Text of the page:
Conservative Think Tank Calls for End to CU Tax Exemption
A new book published by a conservative think tank calls for the elimination of the federal credit union tax exemption. Learn why.
New book outlines recommendations for Congress, including eliminating the credit union tax exemption.
The American Enterprise Institute, a conservative think tank, is calling for the end of the federal income tax exemption that credit unions now receive.
“In addition to the major proposals, our reform would simplify the corporate tax base by eliminating business tax expenditures that subsidize specific economic activities,” AEI states, in a book titled American Renewal: A Conservative Plan to Strengthen the Social Contract and Save the Country’s Finances published earlier this month. “This includes the exemption for credit union income, tax credits for green energy investment and production, the tax credit for marginal wells, and the capital gains exclusion of small corporation stock.”
What’s in the Book?
The volume includes recommendations for the 118th Congress in areas ranging from childcare to health to a fiscal overhaul. It begins with an introduction written by former House Speaker Rep. Paul Ryan, R-Wisc., who is the book’s co-editor along with Angela Rachidi, a senior fellow at AEI.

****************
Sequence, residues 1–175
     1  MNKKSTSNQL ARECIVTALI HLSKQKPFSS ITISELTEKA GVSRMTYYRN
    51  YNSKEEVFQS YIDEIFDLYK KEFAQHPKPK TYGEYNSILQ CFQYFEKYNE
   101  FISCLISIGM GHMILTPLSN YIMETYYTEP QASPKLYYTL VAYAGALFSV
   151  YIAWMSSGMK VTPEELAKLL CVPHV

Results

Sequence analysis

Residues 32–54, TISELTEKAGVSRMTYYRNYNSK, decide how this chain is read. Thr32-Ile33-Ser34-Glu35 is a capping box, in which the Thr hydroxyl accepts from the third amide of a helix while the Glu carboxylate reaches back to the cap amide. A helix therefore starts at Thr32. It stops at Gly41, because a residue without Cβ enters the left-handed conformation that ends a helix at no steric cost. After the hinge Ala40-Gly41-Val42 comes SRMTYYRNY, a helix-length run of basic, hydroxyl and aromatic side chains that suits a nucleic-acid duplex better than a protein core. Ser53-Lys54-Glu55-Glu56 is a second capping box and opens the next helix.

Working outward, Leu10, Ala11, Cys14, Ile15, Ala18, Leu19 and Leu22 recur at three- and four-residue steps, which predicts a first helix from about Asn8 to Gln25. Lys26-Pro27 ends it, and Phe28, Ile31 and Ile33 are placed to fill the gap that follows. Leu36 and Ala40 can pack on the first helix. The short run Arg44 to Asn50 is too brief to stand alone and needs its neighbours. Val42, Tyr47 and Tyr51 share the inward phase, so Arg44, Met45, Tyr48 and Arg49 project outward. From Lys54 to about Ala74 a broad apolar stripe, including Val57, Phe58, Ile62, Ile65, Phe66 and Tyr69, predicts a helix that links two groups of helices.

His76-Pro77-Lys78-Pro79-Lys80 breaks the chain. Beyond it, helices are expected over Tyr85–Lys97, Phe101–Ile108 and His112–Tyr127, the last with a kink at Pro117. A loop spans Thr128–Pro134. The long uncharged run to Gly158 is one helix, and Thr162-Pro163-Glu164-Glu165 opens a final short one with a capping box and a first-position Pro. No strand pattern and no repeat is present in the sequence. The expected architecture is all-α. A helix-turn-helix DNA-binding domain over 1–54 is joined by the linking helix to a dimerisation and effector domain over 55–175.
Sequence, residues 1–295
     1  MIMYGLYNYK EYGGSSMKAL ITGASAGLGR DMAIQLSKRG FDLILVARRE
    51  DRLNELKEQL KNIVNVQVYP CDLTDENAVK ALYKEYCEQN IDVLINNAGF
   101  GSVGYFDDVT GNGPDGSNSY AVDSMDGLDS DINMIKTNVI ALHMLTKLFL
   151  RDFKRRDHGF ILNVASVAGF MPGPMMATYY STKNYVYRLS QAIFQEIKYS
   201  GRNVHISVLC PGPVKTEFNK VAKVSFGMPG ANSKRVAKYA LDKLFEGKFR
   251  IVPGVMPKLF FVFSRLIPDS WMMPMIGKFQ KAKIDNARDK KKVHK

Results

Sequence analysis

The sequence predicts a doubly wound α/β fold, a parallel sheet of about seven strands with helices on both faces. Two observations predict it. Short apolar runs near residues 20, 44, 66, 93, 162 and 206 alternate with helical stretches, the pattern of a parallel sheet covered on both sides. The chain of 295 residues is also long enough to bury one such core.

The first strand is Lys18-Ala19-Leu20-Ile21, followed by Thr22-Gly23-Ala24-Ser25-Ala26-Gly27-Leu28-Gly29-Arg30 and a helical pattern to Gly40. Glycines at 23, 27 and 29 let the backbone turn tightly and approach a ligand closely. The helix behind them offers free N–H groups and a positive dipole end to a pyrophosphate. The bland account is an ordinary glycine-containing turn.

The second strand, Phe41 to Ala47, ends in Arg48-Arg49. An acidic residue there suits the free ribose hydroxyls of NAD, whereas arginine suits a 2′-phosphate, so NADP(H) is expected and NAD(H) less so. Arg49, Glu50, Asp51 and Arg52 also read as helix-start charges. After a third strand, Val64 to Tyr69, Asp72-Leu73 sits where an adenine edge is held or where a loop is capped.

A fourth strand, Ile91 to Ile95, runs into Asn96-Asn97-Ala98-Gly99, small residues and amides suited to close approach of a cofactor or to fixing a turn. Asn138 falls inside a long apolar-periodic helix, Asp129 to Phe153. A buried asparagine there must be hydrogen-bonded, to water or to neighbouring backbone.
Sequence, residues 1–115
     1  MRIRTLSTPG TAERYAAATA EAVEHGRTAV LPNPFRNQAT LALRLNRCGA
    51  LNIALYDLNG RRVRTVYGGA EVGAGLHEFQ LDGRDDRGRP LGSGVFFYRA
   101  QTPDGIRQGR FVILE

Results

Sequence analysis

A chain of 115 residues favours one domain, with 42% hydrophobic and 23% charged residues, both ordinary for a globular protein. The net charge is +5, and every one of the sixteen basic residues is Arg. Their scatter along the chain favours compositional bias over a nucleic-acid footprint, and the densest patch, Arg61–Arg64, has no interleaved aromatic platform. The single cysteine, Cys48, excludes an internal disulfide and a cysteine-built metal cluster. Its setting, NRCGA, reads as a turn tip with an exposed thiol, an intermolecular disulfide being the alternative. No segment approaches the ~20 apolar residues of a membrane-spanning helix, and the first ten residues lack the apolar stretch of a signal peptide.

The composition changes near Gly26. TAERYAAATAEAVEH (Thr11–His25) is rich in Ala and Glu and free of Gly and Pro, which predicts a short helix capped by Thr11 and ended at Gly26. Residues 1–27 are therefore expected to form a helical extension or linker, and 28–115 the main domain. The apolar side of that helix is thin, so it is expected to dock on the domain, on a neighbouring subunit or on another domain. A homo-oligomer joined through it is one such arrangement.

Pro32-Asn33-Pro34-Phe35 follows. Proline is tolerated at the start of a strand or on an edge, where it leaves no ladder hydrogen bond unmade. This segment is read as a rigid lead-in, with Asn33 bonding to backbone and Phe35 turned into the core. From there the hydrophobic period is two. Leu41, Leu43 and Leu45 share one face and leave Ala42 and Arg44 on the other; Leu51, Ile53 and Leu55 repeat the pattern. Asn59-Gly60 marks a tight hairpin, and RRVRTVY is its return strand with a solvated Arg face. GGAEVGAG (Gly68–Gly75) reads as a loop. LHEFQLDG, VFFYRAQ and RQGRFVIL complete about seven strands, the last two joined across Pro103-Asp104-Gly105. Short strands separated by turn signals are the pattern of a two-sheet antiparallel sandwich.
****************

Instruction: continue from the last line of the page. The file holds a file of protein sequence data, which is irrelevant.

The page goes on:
“The policy recommendations laid out in this book, taken together, will grow federal spending more predictably and sustainably, which will stabilize our national debt at levels we can afford, modernize the dollar, demonstrate that we can deliver a health and retirement system free from near-term insolvency, and make those systems more reliable to those who count on them,” Ryan wrote in the introduction.
He added that federal fiscal policy is on a collision course with monetary policy and that the result will be “economic devastation resulting from a debt and currency crisis.”
The chapter on tax code changes was written by Kyle Pomerleau and Alex Brill, both senior fellows at the think tank.
They contend that the current tax code arbitrarily favors certain industries and legal forms of organization over others, and propose replacing the current tax treatment of businesses with a 15% cash flow tax on all businesses.
What Happens Next?
AEI was particularly influential during the George W. Bush Administration, when several staff members joined the administration. However, the group may not be sufficiently conservative for many right-leaning members of the House and Senate.
It also is not clear that the credit union proposal will gain much traction on Capitol Hill.
The last lawmaker to try to press the issue was former Senate Finance Committee Chairman Sen. Orrin Hatch, R-Utah, who questioned whether the tax exemption was outdated. However, Hatch retired from the Senate shortly after raising the issue.
For years, banking trade groups have been arguing that the tax exemption is outdated. They potentially have found an ally in the House—Rep. Randy Feenstra, R-Iowa, who pushed a credit union state tax bill while chairman of the Senate Ways and Means Committee in the Iowa legislature.
Feenstra is seeking a seat on the tax-writing House Ways and Means Committee in the next Congress.